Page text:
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Our older resecue basset Chuck had an incident of bloat on April 1. He was throwing up piles of foam about 2 hours after dinner, and his stomach was very inflated. We watched him throw up and pace round the room for about 20 min and took him to the emergency vet, as that was on a Sunday evening. The vet took the first set of x-ray, and told us that she didn't see any sign of bloat. They passed a tube down Chuck's throat and was able to retrive a small amount of food, and they also relieved the gas in his stomach. We left the hospital at 10pm, and Chuck had to stay behind for furthur observation, as they could not determine the cause of his symptoms. At 1 am, the vet called us and let us know that they had to relief the gas two more times since we left, and they suggested surgery to explore what's going on in this stomach. The surgery revealed that Chuck indeed did have bloat. His stomach was twisted in the opposite direction that they would normally see, which was why the x-ray did not show the torsion.

We have always feed our two basset boys twice a day with one of food each time. The vet suggested that too much water consumption right after meal could be a cause that. Since then, we have stopped giving them water one hour before and after the meal. We also would not let me play for at least an hour after chow time.

Bloat was very scary. Chuck has been a verterian of surgeries, however, this is the worst he's suffered. It took him a full week to recover from the surgery.
 

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Discussion Starter #10
Yeah we are usually pretty good about watching the two of them when we feed them, this was just one of those ocassions where it slipped by us. We feed them half a 13 oz can of moist food in the morning each and then around 1 1/2-2 cups of dry food in the evening. Water is available pretty much all day for them, but Layla sucks it down when she goes for a drink (she almost goes swimming - shoves her nose in nearly up to her eyes to drink and then lets most of it come pouring back out when she's done). I haven't ever monitored their activity level after a meal but am thinking about crating them for an hour after each meal to lessen the chances of bloating. Any other suggestions?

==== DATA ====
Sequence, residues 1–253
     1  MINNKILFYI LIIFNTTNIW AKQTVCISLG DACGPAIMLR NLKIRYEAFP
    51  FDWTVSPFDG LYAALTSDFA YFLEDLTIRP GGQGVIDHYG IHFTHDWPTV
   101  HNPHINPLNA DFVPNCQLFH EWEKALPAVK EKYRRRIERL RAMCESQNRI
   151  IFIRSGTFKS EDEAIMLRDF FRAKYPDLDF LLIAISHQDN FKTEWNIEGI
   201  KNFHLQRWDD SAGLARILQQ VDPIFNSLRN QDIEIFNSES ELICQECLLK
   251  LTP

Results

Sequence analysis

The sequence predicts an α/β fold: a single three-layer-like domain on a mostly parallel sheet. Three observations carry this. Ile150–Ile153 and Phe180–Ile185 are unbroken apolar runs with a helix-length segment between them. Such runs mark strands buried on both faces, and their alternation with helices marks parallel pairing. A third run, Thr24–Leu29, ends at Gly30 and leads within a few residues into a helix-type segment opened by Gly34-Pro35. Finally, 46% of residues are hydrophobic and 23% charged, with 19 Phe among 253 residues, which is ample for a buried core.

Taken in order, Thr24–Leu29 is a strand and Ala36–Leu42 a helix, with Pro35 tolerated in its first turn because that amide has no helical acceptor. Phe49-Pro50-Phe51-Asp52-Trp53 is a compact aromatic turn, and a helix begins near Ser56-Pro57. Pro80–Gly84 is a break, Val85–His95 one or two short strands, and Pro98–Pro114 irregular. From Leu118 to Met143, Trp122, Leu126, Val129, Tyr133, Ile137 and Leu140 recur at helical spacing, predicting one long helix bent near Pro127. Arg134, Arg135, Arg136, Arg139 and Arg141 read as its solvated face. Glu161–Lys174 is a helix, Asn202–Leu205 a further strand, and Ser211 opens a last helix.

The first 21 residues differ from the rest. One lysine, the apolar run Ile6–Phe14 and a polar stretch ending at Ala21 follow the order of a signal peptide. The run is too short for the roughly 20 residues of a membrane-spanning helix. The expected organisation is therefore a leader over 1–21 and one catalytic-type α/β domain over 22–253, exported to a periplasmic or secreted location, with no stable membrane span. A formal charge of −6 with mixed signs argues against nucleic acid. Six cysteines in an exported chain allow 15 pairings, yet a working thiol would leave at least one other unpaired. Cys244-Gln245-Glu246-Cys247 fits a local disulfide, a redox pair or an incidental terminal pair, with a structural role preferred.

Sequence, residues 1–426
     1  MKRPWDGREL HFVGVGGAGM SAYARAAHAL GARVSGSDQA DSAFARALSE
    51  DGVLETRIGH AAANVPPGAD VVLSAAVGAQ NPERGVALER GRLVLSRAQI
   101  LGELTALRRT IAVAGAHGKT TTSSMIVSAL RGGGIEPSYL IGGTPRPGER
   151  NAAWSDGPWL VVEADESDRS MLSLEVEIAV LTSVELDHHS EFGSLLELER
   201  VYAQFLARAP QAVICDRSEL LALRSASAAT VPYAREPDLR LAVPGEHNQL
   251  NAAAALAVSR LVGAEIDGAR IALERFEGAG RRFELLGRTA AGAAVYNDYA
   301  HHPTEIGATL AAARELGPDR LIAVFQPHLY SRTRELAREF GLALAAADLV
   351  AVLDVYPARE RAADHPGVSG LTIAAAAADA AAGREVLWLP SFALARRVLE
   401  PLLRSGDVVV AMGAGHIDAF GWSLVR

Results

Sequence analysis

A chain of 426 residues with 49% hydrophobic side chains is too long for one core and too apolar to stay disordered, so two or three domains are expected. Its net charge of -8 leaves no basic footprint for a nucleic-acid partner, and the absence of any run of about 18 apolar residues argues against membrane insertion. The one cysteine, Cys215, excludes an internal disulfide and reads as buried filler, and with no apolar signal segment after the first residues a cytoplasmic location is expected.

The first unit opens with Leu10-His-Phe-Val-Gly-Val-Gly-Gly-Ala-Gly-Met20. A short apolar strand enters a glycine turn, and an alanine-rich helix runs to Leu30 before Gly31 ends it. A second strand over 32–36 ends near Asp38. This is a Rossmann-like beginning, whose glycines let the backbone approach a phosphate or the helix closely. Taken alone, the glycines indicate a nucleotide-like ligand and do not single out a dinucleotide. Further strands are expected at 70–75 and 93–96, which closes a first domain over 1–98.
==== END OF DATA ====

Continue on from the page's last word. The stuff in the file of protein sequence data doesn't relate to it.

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We currently have two dogs that have experienced bloat problems. Yogi had an overnight stay at the emergency vet where they passed a tube to help relieve the gas. Fortunately his stomach did not twist.
Gunny, our GSD, has also had problems with two visits to the emergency vet but did not require an overnight stay.
What we do is not let them have water for one hour after dinner, we feed them smaller meals (three times a day feedings) and we don't allow them to have heavy exercise for 1 hour before or after dinner.
My personal feeling is that you can TRY to take all the precautions and know what's normal for your dog BUT I do believe it is largely a genetic issue and that stress aggravates it.
It is such a scary thing and when Yogi had it, I knew something was very wrong. He was eating grass like crazy, drooling and pacing. Also, he was doing this licking the air, gulping thing. His stomach did not look very distended and the vet wasn't convinced that he was having such a big problem until she saw the xray. His stomach was really bloated! I am so glad that we decided to have them do the xray because I knew he was in distress. They immediately said he would have to stay overnight.
We also keep Mylanta on hand at all times. We give Yogi and Gunny both a tablespoon as soon as we notice something is wrong.
 

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Yikes! We've experienced the *exact* same thing, and it's sooooo scary because your baby looks at you with those precious moment eyes expecting you to make things better, but you can't! On one occassion my husband came home from work to find Bo waddling around the living room, whimpering, salivating, and overall acting very pathetic. Ed couldn't figure out what was wrong with poor Bo, so he rushed him to our vet before they closed. She said it wasn't bloat, and did some bloodwork to rule out some other things. In the end, she kept him overnight to run an IV because he was apparently dehydrated, and by the next morning he was just fine and has never had any problems since. Several years after Bo's ordeal, Daisy had a similar one. Daisy started scratching at our bedroom door in the dead of night, crying. I thought maybe she had to go to the bathroom, but she wouldn't even go outside. She just kept rolling over and acting very distressed. We immediately thought she had the dreaded bloat, but then she started - I KID YOU NOT - burping! After about five more minutes of her rolling around on the floor and belching, she got up and acted like she was fine.

I don't think we ever remembered to ask the vet about Daisy's little ordeal. Has anyone else ever had a basset suffer from indigestion or heartburn? Because that's kind of what it seemed like with Daisy. As for Bo, we never did figure out exactly what causes his little trip to the doggie ER.